Original caption: Buzz Huber (Events Manager) — From Victoria, Buzz has worked at UT for 14 years, four of them at Royal-Memorial Stadium. He’s responsible for 563 ushers, for which he has received a pat on the back from Athletics Director DeLoss Dodds. Message: ‘No pass. No ticket. No get in.’ Brian K. Diggs/AMERICAN-STATESMAN

Security guards and other staff make their presence known with crossed arms and quizzical frowns that turn into polite graciousness the minute anyone needs help. The elite Texas Cowboys, the counterparts to the Spurs, but dressed in leather chaps and black hats, roll Smokey the Cannon onto the north end zone. By now, the painted hellions known as the Longhorn Hellraisers spirit group have parked themselves behind the Cowboys, starting their own cheers (if you can call their banshee yells cheers).

A uniformed honor guard advances stiffly with the Texas and U.S. flags. The New Mexico State players stream onto the field to scattered huzzahs and boos. They partake in ceremonial chest-beating, as if to ward off the orange-clad demons that surround them.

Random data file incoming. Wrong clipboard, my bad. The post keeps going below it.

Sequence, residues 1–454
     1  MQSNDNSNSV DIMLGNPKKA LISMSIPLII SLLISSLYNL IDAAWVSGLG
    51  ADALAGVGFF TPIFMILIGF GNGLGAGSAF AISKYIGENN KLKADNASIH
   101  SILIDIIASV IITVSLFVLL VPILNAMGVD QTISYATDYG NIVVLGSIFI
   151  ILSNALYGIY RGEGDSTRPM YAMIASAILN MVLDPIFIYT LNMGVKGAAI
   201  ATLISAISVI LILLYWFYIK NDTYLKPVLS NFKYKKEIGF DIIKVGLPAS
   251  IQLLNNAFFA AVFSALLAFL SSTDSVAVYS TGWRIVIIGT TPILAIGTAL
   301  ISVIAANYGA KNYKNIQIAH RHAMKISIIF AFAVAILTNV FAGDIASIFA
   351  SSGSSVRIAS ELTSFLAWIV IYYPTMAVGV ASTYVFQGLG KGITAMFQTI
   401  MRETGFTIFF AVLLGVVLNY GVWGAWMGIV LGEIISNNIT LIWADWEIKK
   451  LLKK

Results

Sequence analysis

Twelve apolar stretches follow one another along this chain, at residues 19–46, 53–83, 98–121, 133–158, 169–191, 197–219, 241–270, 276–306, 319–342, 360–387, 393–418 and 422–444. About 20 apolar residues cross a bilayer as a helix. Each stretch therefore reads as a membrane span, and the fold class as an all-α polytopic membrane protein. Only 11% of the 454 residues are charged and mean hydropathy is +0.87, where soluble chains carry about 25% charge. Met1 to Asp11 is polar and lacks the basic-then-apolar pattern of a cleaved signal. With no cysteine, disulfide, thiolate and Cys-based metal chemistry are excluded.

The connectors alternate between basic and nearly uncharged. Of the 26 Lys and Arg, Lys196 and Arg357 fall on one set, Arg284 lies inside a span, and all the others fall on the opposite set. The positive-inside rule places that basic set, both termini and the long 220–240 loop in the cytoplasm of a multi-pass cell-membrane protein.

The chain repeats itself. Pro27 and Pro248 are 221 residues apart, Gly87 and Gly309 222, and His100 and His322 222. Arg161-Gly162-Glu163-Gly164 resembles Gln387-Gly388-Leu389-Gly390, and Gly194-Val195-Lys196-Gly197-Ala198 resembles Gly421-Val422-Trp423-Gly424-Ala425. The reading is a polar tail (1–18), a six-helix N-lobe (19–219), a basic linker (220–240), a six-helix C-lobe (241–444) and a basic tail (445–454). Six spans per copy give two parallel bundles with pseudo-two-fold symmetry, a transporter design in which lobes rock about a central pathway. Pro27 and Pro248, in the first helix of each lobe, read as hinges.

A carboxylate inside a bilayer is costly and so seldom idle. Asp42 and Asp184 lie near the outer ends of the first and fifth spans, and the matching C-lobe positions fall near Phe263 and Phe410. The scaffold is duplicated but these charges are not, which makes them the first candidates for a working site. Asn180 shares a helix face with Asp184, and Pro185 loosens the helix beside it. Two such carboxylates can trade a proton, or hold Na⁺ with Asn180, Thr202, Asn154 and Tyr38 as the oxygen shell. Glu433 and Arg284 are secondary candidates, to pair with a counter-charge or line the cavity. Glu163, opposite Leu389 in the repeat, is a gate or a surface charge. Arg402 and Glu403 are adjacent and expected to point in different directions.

It’s 30 minutes before kickoff and the sold-out stadium is still far from full. Sable, titanium and purple-gray clouds roll in from a tropical depression that has advanced on the stadium. Mist turns into sprinkles that eventually become a light but steady downpour.

Original caption: Brad Edmondson (Hawker). An LBJ High School senior, Brad is in his third year as a stadium hawker. He received an award for the most water sold: a $10 Blockbuster gift certificate. Message: ‘If you’re lazy, you fall behind.’ Brian K. Diggs/AMERICAN-STATESMAN

Already one aspect of sporting events is appreciated: the ability to move around, to visit the facilities or purchase refreshments at any time. To a critic trained to sit through five-hour operas and suppress the urges of nature, this comes as a relief.

Exactly 19 minutes before kickoff, the rigorously disciplined Longhorn Band marches into the stadium, making a robust sound echoed by the crowd, which is finally on its feet. Lights glint off the brass. Big Bertha, the oversized drum, is wheeled into the arena like a captured elephant in a Roman victory parade.

“All these games are scripted,” says Chris Plonsky, UT women’s athletic director and an attentive student of sports-as-theater. “We borrowed from everybody to create a five-hour show. The result is a festival atmosphere like nothing else.”